As he turns 93, Mugabe dismisses corruption allegations
By MacDonald Dzirutwe HARARE (Reuters) - As he celebrated his 93rd birthday on Tuesday, Zimbabwe President Robert Mugabe brushed aside persistent allegations of corruption against senior officials, saying rumour-mongers were merely targeting "big fish" in his administration. In comments to be aired on state media on Tuesday, the world's oldest leader said he would act if shown evidence - even though graft scandals involving ministers and even members of his own family are regular fare in local newspapers. People have not come out and actually said here is a case against a big fish," Mugabe said in the pre-recorded interview.
02/21/2017 - 06:46 AM
Iraqi troops advance on western Mosul as Mattis holds talks
SOUTH OF MOSUL, Iraq (AP) — Iraqi forces advanced Monday into the southern outskirts of Mosul on the second day of a push to drive Islamic State militants from the city's western half, as the visiting U.S. defense secretary met with officials to discuss the fight against the extremists.
02/21/2017 - 12:09 AM
Debt-saddled Mongolia agrees $5.5 bn IMF bailout
Mongolia has reached an agreement with the International Monetary Fund on a $5.5 billion bailout package, officials announced, as the debt-wracked country tries to stabilise its economy. The landlocked north Asian nation has been hit hard by a more than 50 percent fall over the past five years in the price of copper, its main export. Billions of dollars' worth of natural resources lie buried beneath Mongolia's sprawling steppes, but development has been delayed for years and slowing growth in its biggest customer China has hobbled the economy.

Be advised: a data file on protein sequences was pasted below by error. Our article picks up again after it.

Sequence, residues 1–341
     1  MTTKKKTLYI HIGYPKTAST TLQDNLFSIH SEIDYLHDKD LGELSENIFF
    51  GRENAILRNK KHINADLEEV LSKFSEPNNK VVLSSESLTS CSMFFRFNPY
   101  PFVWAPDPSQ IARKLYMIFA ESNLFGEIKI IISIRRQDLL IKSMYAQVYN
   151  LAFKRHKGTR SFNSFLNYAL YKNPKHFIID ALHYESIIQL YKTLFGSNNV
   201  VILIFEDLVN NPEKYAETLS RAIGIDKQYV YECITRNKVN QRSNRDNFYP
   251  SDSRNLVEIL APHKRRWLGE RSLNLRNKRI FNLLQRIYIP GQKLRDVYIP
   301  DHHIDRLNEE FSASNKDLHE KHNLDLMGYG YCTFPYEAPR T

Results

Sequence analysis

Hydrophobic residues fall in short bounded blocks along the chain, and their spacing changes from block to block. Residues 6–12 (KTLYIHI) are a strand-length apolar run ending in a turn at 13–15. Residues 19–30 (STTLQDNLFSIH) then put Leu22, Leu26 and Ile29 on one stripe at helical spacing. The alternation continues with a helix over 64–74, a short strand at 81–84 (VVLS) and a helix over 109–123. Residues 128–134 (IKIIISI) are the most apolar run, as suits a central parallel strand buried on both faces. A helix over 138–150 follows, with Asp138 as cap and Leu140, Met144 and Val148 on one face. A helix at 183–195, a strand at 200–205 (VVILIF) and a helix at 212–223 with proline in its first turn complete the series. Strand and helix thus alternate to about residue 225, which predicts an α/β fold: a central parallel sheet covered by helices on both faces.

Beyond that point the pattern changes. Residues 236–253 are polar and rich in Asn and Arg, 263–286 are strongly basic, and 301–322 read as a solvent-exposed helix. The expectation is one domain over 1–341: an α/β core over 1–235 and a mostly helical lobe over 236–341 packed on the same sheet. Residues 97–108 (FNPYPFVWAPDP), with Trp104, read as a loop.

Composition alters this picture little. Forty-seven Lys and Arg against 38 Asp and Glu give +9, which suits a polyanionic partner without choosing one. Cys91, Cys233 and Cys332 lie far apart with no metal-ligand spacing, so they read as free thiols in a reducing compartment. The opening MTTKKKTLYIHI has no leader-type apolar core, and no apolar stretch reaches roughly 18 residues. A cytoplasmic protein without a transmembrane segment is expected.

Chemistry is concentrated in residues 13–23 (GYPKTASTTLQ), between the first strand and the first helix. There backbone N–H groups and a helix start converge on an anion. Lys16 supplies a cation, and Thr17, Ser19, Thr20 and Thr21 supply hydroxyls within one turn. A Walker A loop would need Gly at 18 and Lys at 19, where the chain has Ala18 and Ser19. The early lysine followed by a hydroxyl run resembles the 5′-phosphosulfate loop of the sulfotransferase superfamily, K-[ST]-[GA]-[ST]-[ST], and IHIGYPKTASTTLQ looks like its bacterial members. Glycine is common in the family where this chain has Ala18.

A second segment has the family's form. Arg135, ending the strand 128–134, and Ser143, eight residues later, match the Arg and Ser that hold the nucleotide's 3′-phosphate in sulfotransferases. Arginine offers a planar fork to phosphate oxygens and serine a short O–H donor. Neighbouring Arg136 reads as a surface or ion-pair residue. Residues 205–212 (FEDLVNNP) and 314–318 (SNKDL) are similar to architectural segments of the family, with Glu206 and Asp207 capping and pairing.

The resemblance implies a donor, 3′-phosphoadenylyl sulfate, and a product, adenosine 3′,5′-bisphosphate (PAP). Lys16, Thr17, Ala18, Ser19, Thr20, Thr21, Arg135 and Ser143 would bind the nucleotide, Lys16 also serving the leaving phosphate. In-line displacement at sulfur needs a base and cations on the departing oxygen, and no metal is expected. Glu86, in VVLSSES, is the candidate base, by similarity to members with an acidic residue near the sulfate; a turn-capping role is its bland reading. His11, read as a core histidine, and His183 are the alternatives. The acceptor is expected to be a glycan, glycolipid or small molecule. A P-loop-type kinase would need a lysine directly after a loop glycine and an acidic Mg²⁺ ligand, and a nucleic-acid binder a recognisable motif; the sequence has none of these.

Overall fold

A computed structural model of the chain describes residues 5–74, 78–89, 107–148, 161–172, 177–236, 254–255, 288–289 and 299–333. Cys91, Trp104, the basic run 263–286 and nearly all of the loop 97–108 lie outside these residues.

02/20/2017 - 01:07 AM
Cop Helps Girl, 10, With Math Homework After She Messaged Police Department on Facebook
"I'm having trouble with my homework. Could you help me?" 10-year-old Lena wrote in a Facebook message to the Marion, Ohio Police Department.
02/20/2017 - 04:59 PM
Shocker! World’s first self-driving car race ends in a crash
The world's first race on a professional track involving self-driving cars ended, not surprisingly, with a crash. As part of the Roborace competition held in Buenos Aires over the weekend, one of the two self-driving Devbot vehicles involved in the race slammed into a wall after miscalculating a particularly sharp turn.
While the Devbot vehicles weren't going all out, they weren't exactly driving at a leisurely pace either. At their best, both cars were driving in excess of 100 MPH, with one reaching a top speed of 115 MPH at one point.